Mackinac Island

After a lovely stay in Munising Michigan we made a short two hour drive east across the UP to St. Ignace Michigan. Our purpose for stopping here was to visit the historical Mackinac Island which was a must see stop for me on the trip. Mackinac Island is the fudge capitol of the nation and the only forms of transportation are bicycle and horse drawn carriage.  A person would have to be crazy not to have this place on their bucket list!

For our visit to Mackinac I choose the Carp River Campground in the Hiawatha National Forest. The campground was a short fifteen minute drive into the quaint town of St. Ignace to catch the ferry over to Mackinac.  While the town was bustling with tourists enjoying their summer vacations, the campground was a serene oasis nestled on the shores of the tea colored Carp River.  Our site was large and private, surrounded by tall trees and had stairs leading down to the river.  We spent our first evening sitting on the banks with a cold beer watching the river flow swiftly by and wondering if the tree next to us was going to fall in the river. It actually did the next day making a huge booming sound across the forest.

We got up early the next morning eager to ride the ferry to Mackinac Island. There are several ferry lines that will take visitors across and they are all pretty comparable.  We chose to ride the Star Line Hydro Jet Ferry.  The cost was $24 a person for round trip and an additional $10 to take our bikes with us.  Riding bikes around the island is one of the main attractions and we opted to bring our bikes instead of rent them over there.  The rental prices were surprisingly reasonable but our butts like our own seats so we toted them across.  The ferry crew was super helpful and friendly and made it a breeze to check in our bikes and enjoy the crossing.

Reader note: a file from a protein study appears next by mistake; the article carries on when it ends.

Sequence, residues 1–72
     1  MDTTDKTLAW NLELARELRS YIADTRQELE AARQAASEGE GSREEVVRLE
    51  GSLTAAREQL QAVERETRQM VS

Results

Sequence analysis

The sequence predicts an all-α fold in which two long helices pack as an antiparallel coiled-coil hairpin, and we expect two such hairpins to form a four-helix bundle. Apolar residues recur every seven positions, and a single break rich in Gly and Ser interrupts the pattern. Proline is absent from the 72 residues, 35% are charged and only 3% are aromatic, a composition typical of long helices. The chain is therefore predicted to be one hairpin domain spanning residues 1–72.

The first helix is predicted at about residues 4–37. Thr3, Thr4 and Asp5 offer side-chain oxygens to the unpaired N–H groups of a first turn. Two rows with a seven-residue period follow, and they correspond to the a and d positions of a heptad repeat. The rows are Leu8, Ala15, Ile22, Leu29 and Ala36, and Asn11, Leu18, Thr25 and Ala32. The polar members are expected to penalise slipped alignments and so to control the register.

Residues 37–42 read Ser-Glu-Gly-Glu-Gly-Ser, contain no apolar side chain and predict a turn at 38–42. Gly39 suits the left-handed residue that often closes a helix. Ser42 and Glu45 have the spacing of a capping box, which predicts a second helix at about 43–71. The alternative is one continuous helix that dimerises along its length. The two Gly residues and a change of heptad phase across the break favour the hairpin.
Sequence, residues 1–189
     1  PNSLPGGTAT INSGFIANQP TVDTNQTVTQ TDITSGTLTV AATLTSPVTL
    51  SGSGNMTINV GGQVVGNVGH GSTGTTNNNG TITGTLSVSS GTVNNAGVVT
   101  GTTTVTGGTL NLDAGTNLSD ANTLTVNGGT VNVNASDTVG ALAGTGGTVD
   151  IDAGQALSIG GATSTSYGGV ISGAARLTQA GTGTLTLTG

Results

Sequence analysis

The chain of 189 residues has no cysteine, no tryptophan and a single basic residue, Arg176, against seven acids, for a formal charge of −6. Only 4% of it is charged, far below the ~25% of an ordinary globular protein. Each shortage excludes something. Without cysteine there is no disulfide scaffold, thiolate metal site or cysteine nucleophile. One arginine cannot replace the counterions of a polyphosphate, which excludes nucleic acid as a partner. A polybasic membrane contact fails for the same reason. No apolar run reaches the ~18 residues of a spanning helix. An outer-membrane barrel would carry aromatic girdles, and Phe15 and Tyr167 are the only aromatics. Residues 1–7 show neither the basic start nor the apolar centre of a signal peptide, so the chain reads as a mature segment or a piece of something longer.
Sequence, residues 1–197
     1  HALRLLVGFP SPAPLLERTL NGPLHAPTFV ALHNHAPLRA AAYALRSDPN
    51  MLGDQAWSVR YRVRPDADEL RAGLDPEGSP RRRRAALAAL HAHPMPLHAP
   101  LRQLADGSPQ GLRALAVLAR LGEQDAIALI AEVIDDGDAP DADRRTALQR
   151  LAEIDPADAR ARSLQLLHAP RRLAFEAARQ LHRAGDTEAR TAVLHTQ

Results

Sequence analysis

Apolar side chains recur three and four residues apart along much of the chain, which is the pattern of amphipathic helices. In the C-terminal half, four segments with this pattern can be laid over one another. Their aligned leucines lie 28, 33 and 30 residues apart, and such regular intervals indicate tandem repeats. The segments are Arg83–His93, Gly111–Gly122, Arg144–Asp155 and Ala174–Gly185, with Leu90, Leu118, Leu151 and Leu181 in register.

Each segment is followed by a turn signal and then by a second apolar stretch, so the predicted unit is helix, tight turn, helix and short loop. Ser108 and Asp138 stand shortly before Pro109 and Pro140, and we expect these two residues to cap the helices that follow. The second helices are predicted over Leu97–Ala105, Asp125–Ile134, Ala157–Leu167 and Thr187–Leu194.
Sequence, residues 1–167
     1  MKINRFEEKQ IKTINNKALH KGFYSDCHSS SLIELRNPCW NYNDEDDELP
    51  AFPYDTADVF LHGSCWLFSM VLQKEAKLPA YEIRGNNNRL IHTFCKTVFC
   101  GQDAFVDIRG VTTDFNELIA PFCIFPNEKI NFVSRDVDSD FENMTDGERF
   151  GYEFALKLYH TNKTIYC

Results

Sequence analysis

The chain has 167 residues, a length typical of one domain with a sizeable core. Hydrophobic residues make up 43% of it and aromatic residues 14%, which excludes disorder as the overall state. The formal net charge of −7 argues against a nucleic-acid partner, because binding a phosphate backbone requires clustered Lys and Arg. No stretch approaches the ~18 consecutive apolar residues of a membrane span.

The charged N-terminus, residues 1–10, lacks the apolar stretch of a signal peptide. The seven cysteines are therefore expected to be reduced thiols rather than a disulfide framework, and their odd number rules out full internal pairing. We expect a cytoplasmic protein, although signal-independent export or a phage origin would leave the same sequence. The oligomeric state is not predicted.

As the ferry approached the island it looked like something out of a movie. Big beautiful houses sat regally along the shore line with colorful kites and banners waving in the wind. We grabbed our bikes and headed up the ramp onto Main Street and our senses were immediately assaulted by the sights, sounds, and smells of Mackinac Island.  The smell was the first thing to get my attention.  I would call it barnyard fudge.  There was a strong rather unpleasant smell of horse feces and urine coming from the many horse drawn carriages. That smell was overlapped with the warm delicious sent of fudge making.  To say the least it was quite confusing to the senses.  It made me hungry yet repulsed at the same time.  In addition to the smells, Mackinac is a visually stimulating with colorful bicycles parked at every inch of curb, big beautiful horses, lovely carriages, and brides and grooms in their finery.  It’s a very popular place for weddings and we saw our fair share of bridal parties that day.

We jumped on our bikes and set off delighted to explore. We biked through town passing gift shops, restaurants, and of course the 15 fudge shops that make Mackinac the fudge capitol. We came across a huge expanse of grass right on the shore of Lake Huron were people were lounging on blankets or giant white wooden chairs.  It was the ideal place to stop and eat our packed lunch.  Everyone around was so happy to be there and the whole scene felt like something out of a movie.  We ate peanut butter and jelly sandwiches while people played Frisbee and flew kites.